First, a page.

1. A Note From Fred Blackwell, CEO
  2. Community Conversation: World Café
  3. Strengths and Hard Stuff
  4. Trends
  5. Bold Steps and New Opportunities
  6. Messages to TSFF
  7. Participants
  8. Keep the Conversation Going

VOICE: West Contra Costa County

The San Francisco Foundation

VOICE: West Contra Costa County
The San Francisco Foundation
A Note From Fred Blackwell, CEO

In December 2014, we kicked off the first of seven listening sessions throughout the Bay Area in West Contra Costa, joining with residents, community leaders and public officials from Richmond, San Pablo, Martinez, Pinole, Hercules, El Cerrito and more. We were heartened by the large turn-out, the energy that filled the room, and the conversations that unfolded as we gathered together to dig into the lived experiences and stories of the families and children who live, work, and play in the region; to dig into the hard truths of how for far too many, opportunity for a great life feels out of reach, and a zip code defines too many aspects of our families’ futures.

There were several themes that ran throughout the day, including that there are many assets and strong building blocks for positive community change. We heard a consistent refrain that children and their families should be at the center of any effective and long lasting efforts. We heard that partnerships were essential in achieving our collective goals. We heard that jobs, affordable housing, a great education, and programs for youth are top of mind.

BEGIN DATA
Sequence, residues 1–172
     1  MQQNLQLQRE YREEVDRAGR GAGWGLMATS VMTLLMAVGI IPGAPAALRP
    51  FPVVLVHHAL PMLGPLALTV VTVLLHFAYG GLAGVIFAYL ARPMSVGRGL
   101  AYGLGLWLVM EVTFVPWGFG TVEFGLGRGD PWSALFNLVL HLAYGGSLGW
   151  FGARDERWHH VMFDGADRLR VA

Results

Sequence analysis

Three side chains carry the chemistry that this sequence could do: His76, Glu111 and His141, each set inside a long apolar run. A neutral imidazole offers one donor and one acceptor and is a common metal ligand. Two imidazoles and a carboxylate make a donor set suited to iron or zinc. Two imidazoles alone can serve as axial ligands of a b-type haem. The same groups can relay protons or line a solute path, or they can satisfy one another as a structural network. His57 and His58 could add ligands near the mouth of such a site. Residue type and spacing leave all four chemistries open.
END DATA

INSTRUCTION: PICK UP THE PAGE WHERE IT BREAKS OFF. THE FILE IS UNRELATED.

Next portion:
Collectively, these listening sessions are an important part of setting the course for our work at The San Francisco Foundation in the short and long term. For our work to be effective, it must be grounded in community, in the voices and lived experiences of the residents. We look forward to our ongoing partnership with you, for the many conversations to come, and the work that we will do together to build a more equitable region.